PET Molecular Imaging Improves Disease-Free Survival in Prostate Cancer Treatment

Adding positron emission tomography (PET) molecular imaging to conventional cancer screening guided treatment decisions that led to improved disease-free survival (DFS) among men with recurrent prostate cancer, according to findings presented at the virtual American Society for Radiation Oncology 2020 Annual Meeting.

The phase II/III EMPIRE-1 (Emory Molecular Prostate Imaging for Radiotherapy Enhancement) trial, enrolled 165 patients with recurrent prostate cancer following prostatectomy. Participants were randomized to either radiation therapy based on conventional screening or treatment based on imaging with the fluciclovine PET radiotracer, a molecular imaging agent. The primary endpoint was failure rate at three years. The main goal of the investigation was to use the advanced molecular imaging to improve post-prostatectomy decision making regarding whether to deliver radiotherapy and optimize where radiation is received.

The three-year DFS rate was 75.5% among patients who underwent the molecular imaging compared with 63% among those who received conventional imaging alone (P=0.003). The DFS benefit persisted at four years in the PET scan group (75.5% vs. 51.2%; P<0.001). There were no significant differences in severe genitourinary or gastrointestinal adverse effects between the two groups.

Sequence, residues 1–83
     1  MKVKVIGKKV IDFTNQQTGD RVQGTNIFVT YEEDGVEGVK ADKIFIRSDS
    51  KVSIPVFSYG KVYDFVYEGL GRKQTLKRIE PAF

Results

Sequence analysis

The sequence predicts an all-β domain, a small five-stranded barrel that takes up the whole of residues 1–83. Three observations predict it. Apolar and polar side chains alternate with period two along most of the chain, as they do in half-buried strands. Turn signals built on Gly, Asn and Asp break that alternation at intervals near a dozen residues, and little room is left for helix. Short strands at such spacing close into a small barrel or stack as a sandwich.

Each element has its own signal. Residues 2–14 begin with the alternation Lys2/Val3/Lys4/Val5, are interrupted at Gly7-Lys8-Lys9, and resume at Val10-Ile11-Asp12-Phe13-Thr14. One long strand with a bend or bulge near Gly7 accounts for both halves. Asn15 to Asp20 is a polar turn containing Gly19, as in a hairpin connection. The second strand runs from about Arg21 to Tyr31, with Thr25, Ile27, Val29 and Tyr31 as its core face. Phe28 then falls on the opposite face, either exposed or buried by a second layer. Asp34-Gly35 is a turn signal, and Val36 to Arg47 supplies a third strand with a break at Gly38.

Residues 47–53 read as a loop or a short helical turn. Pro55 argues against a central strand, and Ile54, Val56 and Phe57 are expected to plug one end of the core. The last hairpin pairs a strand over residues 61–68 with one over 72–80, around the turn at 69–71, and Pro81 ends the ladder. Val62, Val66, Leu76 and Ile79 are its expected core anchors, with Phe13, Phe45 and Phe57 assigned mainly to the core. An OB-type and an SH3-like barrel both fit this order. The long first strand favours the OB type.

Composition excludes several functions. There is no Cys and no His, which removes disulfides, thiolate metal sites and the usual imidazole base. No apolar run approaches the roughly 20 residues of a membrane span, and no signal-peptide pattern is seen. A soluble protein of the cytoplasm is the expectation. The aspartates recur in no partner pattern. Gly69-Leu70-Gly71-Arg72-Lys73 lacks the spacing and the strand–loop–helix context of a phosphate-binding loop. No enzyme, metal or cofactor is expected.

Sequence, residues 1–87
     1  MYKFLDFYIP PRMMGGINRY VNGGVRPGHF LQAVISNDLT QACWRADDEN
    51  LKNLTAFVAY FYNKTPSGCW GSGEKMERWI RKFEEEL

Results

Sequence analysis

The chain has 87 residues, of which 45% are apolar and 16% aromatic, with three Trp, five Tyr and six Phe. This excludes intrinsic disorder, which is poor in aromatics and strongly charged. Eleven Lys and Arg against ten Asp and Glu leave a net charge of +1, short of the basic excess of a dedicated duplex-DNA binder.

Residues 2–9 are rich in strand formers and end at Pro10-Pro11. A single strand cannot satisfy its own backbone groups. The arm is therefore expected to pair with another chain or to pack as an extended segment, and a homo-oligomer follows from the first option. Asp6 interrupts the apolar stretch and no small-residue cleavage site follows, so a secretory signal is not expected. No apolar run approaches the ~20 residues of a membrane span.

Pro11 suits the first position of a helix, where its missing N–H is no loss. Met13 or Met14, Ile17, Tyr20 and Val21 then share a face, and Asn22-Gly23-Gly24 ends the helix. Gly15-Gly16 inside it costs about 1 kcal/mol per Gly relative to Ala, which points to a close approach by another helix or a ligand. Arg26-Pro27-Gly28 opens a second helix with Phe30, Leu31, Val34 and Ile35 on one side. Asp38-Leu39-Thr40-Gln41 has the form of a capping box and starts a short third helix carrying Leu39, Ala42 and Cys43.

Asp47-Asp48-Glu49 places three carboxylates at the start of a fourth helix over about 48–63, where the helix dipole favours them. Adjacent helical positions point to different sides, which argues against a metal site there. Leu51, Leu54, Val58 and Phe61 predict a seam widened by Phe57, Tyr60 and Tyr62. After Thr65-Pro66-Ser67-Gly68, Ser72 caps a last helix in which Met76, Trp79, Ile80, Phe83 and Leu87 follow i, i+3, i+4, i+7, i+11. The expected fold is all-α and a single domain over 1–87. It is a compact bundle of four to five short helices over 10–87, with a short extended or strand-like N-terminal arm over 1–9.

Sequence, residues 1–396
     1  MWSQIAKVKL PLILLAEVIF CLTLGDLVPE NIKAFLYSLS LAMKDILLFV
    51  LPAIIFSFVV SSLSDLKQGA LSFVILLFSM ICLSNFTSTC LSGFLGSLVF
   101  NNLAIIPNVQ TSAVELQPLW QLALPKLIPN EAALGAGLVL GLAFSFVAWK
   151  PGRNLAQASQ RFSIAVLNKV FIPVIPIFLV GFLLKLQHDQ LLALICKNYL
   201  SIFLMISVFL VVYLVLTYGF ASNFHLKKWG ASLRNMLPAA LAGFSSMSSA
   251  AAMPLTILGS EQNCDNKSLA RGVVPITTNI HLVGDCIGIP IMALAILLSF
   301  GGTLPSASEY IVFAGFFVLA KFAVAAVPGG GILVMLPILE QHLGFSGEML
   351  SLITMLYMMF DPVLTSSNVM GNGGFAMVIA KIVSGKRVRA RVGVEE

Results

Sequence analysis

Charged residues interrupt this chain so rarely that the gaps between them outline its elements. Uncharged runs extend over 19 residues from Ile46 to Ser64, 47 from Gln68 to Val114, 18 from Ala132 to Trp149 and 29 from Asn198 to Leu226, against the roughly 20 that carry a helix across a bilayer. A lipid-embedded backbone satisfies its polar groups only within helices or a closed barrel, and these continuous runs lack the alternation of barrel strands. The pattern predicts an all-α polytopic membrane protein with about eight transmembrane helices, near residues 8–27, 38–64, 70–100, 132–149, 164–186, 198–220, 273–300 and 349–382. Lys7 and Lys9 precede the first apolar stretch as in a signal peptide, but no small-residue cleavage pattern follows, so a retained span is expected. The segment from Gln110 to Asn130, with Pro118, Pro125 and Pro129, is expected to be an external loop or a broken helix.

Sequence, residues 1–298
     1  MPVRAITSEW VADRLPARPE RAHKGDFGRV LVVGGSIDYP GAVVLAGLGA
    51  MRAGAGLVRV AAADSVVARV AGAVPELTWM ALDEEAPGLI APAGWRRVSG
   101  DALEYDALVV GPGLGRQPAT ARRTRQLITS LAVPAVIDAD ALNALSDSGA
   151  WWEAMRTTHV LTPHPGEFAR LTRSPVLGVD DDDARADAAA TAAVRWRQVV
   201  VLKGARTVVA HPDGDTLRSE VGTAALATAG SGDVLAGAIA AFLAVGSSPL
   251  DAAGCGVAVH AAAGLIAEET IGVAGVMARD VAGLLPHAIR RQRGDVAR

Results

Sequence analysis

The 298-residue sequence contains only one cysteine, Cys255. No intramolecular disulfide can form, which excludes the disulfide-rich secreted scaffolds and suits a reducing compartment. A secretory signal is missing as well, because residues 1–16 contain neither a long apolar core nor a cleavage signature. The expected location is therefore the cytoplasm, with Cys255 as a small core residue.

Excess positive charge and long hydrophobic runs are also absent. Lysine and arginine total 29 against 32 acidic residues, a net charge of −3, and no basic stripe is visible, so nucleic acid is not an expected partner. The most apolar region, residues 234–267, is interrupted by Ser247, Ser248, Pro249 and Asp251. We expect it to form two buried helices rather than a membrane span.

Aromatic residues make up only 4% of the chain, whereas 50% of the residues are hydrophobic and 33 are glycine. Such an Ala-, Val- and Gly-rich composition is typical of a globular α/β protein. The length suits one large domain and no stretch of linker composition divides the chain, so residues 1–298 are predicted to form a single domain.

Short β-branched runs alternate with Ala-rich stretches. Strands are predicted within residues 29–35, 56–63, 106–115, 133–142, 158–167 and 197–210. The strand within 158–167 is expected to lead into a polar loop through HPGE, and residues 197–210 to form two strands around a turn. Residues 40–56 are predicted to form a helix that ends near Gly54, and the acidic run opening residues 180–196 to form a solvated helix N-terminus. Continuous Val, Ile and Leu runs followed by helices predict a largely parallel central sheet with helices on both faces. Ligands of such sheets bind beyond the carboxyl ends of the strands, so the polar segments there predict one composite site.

“At three years, the group getting treatment guided by PET fluciclovine had a 12% better cancer control rate, and this persisted at four years as well, with a 24% improvement,” said study leader Ashesh B. Jani, MD, in a press release. “We think the improvement was seen because the novel PET allowed for better selection of patients for radiation, better treatment decisions, and better radiation target design.”

The same investigators will conduct a second trial, EMPIRE-2, to assess the efficacy a new type of advanced molecular imaging, prostate-specific membrane antigen PET. The novel radiotracer targets a receptor on the surface of prostate cancer cells and could potentially be even more effective than fluciclovine in guiding treatment decisions for patients with prostate cancer.